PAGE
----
In the Blazers' 111-104 win, LaMarcus Aldridge had 31 points, 25 rebounds, two assists, two blocks and two steals.
Portland's PR department noted how well this game stacks up in relation to this season and since the power forward has entered the league:
Jonathan Santiago of Cowbell Kingdom found what may have been Aldridge's secret to success on Thursday:
Really, though, Aldridge didn't need any additional help. He was having his way in the paint against the Rockets, with Houston only putting one player against him in the post for the majority of the game. That unfortunate player was usually Terrence Jones.
Long failing to get the respect he deserves, this season has seen the 28-year-old Aldridge jump into the MVP discussion. According to Bleacher Report's Grant Hughes, Aldridge ranked No. 5 in his "Superstar Rankings," and he should see a jump in the newest edition.
Let's get something straight: LeBron James and Kevin Durant are the front-runners for MVP. Aldridge is on par with guys like Paul George, Kevin Love, Stephen Curry and Chris Paul. However, much can change between now and the end of the season.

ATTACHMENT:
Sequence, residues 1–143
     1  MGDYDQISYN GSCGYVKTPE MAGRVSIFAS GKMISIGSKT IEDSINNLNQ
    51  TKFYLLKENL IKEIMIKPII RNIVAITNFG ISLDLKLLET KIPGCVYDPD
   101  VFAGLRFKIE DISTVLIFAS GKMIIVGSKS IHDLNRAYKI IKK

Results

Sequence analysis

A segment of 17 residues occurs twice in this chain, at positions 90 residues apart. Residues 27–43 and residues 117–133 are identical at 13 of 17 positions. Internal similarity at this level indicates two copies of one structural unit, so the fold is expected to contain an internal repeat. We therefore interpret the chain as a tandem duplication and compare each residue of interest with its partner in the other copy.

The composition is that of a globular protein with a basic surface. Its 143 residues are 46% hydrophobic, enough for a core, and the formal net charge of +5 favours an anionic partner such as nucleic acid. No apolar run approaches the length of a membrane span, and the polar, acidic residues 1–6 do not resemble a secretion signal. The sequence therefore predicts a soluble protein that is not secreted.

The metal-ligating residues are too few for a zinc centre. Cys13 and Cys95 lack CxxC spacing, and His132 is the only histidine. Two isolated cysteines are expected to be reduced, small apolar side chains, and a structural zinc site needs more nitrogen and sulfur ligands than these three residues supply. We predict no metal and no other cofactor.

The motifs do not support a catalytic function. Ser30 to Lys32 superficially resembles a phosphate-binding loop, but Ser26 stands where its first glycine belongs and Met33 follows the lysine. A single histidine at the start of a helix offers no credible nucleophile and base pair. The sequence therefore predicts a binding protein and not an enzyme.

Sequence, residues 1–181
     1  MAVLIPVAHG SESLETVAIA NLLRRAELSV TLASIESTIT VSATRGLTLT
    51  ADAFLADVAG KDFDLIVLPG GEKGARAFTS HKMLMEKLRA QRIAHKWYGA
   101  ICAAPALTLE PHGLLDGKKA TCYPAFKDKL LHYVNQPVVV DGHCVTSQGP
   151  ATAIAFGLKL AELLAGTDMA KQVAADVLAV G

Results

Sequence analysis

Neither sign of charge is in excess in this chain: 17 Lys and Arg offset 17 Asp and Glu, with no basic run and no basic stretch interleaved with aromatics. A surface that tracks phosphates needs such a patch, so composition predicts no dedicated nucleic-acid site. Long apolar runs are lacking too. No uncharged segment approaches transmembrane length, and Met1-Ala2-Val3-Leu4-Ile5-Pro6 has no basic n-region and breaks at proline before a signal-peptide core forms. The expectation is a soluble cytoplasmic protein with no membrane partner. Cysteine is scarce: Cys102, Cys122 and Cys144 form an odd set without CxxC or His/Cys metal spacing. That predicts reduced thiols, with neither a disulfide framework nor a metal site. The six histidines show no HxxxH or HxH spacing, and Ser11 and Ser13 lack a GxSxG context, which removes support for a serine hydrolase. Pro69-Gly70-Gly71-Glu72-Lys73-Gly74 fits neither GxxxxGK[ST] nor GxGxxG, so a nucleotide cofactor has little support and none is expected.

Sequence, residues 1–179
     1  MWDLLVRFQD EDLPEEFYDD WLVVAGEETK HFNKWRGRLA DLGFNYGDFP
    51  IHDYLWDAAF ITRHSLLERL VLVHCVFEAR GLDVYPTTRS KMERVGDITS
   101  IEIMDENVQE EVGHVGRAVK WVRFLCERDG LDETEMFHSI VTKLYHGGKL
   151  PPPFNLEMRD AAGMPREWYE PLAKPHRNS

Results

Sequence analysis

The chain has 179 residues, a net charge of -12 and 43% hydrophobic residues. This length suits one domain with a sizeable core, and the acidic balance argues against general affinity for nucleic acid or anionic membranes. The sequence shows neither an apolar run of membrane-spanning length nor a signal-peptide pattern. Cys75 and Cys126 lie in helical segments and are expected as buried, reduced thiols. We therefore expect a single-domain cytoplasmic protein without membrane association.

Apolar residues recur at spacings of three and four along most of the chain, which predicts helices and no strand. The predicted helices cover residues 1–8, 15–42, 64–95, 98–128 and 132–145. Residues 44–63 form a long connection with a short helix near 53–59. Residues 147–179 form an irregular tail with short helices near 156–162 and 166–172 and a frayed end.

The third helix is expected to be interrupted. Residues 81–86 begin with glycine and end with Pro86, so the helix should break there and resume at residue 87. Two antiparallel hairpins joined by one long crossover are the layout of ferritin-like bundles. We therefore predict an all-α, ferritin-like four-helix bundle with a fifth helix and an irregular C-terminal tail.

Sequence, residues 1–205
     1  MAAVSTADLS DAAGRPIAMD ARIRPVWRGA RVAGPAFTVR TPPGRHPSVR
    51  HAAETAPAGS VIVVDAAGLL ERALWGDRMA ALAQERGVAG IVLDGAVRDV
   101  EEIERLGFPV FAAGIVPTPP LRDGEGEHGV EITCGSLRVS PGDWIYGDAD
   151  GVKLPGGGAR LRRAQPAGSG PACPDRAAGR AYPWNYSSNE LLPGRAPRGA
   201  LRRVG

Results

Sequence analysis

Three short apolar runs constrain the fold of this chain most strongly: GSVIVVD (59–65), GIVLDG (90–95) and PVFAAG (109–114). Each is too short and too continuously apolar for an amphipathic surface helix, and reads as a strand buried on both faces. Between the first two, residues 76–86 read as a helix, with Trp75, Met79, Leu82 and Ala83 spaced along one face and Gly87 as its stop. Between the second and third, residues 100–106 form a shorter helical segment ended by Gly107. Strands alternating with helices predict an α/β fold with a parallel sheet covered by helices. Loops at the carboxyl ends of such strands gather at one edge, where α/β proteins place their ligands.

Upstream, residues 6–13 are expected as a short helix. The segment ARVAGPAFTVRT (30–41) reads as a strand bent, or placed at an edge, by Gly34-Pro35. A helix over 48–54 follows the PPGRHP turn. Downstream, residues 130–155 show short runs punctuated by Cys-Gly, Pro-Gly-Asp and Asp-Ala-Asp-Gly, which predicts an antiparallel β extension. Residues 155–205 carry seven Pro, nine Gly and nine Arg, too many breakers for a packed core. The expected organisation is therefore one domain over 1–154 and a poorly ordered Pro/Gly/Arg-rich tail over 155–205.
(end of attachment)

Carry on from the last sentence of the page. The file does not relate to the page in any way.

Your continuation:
An eight-year pro, this has been Aldridge's best season yet. He's averaging career highs in points (23.5), rebounds (10.6), assists (2.7), steals (1.2) and PER (23.88).
Some may still tab Kevin Love as the best power forward in the game, and although he is having a fantastic season so far as well, Aldridge has taken his game to another level. Further, unlike the 11-11 Timberwolves, Aldridge's Blazers are 19-4.
Damian Lillard, Wesley Matthews, Nicolas Batum and Robin Lopez deserve their share of the credit, but No. 12 is the centerpiece.
Perhaps what's been the most impressive part of his game is the way he's taken over the leadership role on the court. After dealing with questions about whether he was capable of being the No. 1 guy on a title contender, Aldridge made steps last season toward proving the doubters wrong.
He told Sports Illustrated's Ian Thomsen:
I realized that I had to be more vocal, more demanding -- and that I have to still do that more, I think. I have a tendency to roll with the punches. But this year, especially with things getting rougher, I call my own play. I think that's the start of me being more of the leader. I can still shoot it, but if they double-team me, I can still make the right pass and we can score. So I think that's part of my growth, knowing when to take over, knowing when to be more dominant, and knowing when to just flow with it.
With the Trail Blazers looking like legitimate title contenders out West, Aldridge will continue to stay near the top of the MVP race.